Independence Day parade: Russia’s ‘green men’, military weaponry in Minsk (photos, video)


Russian troopers, Belarusian ‘partisans’, Iskander missile systems which can carry nuclear warheads, sportsmen, dancers, a human vase … Yesterday’s parade aimed to show off the Belarusian army’s strength and benefits from the union with Russia.

{movie}In Stalin’s style: A ‘human’ vase for Lukashenka|right|17285{/movie}

Yet again President Aliaksandr Lukashenka appeared in military uniform bearing a strong resemblance to that of a Soviet Marshal, but there is no such rank in today’s Belarusian army. There was Belarus’s state emblem on his shoulder stripes, but not a single existing document authorises such kind of uniform. By the way, Aliaksandr Lukashenka’s military rank is lieutenant colonel.

{movie}Independence Day parade in Minsk: Old military vehicles|right|17283{/movie}

For the first time, Russia’s Air Force deployed its aircraft for participation in Belarus’ Independence Day parade, namely, Ka-52 attack helicopters and Su-34 bombers. Troopers of the 76th Guards Air Assault Division also took part in the event. Apart from aircraft, the parade featured Russia’s Iskander and S-400 missile systems and GAZ Tigr, a multipurpose, all-terrain infantry mobility vehicle. Russia used ‘Tigrs’ during the annexation of Crimea.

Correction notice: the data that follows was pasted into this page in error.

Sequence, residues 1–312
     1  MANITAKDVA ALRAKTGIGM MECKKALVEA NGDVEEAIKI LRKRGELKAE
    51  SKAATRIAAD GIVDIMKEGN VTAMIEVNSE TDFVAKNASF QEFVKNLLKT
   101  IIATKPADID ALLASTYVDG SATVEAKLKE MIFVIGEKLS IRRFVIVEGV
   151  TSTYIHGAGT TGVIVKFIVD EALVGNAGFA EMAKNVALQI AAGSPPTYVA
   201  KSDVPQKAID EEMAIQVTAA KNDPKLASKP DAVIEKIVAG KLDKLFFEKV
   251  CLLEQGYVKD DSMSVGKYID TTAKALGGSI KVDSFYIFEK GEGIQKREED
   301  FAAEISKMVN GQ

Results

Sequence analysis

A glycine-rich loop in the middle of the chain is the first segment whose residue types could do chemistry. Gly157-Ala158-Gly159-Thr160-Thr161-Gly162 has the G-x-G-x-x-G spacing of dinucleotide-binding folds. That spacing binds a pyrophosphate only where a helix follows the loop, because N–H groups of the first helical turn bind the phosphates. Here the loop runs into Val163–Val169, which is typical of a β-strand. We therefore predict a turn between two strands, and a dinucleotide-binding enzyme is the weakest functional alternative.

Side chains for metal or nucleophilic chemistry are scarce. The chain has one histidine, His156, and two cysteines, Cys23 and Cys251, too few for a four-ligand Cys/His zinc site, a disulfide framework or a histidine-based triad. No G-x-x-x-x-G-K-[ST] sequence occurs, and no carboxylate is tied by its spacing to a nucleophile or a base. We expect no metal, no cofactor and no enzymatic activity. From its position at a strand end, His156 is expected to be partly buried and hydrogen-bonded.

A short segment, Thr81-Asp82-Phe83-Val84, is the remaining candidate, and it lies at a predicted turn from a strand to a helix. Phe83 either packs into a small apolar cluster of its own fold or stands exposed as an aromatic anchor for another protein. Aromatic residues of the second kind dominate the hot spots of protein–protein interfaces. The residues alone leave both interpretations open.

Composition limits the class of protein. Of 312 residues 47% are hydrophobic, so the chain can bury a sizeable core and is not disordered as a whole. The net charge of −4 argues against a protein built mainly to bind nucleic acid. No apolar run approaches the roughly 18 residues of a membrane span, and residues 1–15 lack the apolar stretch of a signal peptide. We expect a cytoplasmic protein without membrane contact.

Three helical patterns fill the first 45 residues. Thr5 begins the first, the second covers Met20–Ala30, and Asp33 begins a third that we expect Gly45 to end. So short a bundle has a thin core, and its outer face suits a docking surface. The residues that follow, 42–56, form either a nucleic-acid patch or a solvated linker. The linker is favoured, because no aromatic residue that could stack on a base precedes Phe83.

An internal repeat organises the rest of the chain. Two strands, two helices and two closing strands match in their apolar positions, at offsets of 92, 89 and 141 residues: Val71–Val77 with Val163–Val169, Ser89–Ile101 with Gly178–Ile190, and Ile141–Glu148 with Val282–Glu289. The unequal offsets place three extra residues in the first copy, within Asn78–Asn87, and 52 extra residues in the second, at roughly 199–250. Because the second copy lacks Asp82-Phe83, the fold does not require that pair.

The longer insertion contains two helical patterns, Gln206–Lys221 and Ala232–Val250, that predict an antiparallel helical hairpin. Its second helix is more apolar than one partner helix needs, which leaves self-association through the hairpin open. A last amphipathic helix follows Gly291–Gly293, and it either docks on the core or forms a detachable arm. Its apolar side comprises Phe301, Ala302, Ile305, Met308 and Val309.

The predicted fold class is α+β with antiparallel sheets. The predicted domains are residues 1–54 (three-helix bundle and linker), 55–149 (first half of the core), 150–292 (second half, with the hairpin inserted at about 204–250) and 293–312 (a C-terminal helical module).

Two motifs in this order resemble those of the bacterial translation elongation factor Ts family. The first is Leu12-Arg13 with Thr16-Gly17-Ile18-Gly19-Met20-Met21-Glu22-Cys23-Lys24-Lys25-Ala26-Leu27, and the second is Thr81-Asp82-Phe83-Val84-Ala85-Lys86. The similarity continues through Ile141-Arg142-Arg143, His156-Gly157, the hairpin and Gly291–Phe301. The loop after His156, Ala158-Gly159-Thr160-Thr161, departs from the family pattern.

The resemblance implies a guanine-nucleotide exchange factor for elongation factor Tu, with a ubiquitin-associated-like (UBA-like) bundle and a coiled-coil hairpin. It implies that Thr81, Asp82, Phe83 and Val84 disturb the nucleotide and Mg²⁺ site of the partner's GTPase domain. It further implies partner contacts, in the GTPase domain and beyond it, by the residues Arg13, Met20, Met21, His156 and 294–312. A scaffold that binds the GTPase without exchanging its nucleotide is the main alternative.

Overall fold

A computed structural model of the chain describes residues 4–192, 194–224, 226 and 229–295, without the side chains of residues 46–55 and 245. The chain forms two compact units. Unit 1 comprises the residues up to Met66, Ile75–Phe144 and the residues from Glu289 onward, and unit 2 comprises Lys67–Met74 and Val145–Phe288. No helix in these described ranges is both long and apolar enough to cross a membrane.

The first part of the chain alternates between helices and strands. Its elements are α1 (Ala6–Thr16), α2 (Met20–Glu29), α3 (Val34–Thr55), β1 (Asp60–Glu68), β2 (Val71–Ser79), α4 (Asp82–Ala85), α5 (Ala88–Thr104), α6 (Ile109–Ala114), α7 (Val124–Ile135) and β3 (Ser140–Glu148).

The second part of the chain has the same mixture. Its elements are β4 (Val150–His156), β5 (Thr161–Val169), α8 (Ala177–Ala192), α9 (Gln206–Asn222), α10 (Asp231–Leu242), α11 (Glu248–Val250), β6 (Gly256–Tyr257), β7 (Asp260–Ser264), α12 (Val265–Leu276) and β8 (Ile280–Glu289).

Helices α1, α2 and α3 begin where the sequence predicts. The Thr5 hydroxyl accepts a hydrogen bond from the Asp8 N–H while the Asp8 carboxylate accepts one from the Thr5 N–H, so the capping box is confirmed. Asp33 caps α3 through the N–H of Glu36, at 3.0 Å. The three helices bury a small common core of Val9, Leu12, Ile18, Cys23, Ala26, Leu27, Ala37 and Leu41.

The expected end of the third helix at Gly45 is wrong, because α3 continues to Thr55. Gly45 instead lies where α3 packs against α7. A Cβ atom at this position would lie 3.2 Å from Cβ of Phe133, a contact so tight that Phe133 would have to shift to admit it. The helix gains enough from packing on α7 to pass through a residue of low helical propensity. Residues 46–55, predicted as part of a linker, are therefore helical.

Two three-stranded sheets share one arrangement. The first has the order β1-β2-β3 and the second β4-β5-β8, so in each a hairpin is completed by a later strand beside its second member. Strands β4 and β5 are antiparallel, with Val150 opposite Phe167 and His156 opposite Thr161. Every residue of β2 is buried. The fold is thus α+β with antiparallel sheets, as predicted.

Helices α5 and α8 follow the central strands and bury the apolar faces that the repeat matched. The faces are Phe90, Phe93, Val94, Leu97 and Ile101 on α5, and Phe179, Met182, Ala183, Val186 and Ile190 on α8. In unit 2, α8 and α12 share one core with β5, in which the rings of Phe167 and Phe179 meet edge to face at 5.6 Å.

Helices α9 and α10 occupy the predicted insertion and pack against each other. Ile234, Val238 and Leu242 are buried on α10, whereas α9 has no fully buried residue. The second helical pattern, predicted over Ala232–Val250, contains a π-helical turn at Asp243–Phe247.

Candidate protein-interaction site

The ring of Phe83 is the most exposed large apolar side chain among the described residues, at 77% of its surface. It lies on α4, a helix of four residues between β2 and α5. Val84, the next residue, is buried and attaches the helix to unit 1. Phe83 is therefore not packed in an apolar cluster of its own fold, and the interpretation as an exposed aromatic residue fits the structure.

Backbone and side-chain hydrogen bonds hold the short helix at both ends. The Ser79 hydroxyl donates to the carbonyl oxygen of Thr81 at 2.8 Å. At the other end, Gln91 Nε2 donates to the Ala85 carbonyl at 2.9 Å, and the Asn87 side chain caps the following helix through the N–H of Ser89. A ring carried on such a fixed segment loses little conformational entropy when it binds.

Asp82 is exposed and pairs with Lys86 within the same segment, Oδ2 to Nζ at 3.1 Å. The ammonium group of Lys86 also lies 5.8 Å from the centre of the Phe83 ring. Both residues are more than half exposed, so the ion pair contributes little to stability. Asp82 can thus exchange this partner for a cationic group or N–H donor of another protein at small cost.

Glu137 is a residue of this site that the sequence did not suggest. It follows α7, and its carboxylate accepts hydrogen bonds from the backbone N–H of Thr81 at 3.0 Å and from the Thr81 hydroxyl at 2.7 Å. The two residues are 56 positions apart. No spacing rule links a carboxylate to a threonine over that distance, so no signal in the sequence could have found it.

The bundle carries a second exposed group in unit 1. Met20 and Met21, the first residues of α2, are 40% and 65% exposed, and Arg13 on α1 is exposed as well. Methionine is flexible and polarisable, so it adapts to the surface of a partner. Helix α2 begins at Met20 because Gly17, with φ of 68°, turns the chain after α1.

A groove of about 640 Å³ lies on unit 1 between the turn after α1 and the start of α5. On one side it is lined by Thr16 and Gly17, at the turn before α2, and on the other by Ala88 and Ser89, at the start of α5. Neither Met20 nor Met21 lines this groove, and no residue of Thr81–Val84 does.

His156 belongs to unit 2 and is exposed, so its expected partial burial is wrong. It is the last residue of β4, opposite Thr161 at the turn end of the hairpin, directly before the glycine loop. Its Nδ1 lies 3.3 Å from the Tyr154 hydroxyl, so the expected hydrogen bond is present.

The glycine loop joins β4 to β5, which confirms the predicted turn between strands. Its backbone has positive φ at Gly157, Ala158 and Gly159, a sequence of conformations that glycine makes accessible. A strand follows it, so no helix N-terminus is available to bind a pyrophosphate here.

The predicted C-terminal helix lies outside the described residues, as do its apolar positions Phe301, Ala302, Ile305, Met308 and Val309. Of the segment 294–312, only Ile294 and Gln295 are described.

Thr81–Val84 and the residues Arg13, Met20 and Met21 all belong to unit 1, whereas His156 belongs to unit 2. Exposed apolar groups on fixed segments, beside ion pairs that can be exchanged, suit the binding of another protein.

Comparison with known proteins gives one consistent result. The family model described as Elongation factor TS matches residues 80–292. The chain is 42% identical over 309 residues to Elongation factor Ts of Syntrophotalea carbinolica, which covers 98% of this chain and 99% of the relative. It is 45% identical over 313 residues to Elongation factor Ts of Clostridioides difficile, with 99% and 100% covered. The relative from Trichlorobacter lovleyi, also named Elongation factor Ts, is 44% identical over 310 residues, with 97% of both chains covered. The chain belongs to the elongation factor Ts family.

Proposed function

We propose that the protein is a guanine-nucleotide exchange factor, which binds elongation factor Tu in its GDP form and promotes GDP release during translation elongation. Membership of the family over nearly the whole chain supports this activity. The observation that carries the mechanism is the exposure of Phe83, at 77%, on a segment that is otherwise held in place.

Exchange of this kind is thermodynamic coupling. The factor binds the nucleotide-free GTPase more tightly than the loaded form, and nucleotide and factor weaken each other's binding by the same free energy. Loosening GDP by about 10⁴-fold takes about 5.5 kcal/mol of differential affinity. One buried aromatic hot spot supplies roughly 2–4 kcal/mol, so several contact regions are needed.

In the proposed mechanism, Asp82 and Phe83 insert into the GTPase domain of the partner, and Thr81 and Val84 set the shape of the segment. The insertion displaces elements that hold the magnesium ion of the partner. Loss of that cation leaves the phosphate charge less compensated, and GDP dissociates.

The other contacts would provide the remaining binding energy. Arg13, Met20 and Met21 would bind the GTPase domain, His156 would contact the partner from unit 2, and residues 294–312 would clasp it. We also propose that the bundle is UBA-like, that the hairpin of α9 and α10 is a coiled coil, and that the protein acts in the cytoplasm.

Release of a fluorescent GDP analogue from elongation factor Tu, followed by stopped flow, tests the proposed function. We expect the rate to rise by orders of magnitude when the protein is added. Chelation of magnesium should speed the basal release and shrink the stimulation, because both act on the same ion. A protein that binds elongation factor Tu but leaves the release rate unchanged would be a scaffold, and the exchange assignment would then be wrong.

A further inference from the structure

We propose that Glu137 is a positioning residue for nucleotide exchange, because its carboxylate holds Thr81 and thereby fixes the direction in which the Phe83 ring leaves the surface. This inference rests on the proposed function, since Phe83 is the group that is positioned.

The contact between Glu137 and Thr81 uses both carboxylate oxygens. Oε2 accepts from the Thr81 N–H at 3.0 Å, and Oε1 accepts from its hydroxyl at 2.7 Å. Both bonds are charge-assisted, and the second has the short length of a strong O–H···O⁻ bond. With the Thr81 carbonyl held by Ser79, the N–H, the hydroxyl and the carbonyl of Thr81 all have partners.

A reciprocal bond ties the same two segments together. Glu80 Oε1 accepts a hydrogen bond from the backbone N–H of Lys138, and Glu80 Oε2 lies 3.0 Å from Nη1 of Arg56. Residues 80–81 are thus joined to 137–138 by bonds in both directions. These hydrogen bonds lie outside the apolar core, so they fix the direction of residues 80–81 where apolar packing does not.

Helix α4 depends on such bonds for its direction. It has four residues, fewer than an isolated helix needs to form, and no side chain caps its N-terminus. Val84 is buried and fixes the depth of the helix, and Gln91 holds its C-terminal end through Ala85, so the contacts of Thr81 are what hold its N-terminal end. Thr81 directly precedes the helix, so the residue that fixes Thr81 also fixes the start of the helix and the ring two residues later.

In 2008 Lukashenka stated that Belarus might purchase Iskanders or lease them within the context of military cooperation with Russia, which was used as a means of political pressure on the EU.

{movie}Iskander missile systems in Minsk.|right|17284{/movie}

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The official Independence day is celebrated on July 3, on the day of liberation of the Belarusian capital from German invaders. Such decision was taken by the republican referendum held in 1996. Earlier the Independence day had been commemorated on July 27, its celebration being coincided with the day of passing the Declaration of Sovereignty of the Byelorussian Soviet Socialist Republic in 1990.

The opposition does not recognise the official Independence Day. According to them it is the March 25, 1918 that should be taken as the starting point of the Belarusian independence. On March 25, 1918 the Provisional government (Rada) proclaimed the independence of the Belarusian National Republic that came into existence at the end of the First World War, when Bolshevik forces left Minsk and the city was occupied by German troops. After the Red Army re-entered Minsk, the Communist government replaced the Rada; its members had to emigrate. Opposition activists and civil society actors celebrate the anniversary of the proclamation of the BNR annually.

www.belsat.eu/en

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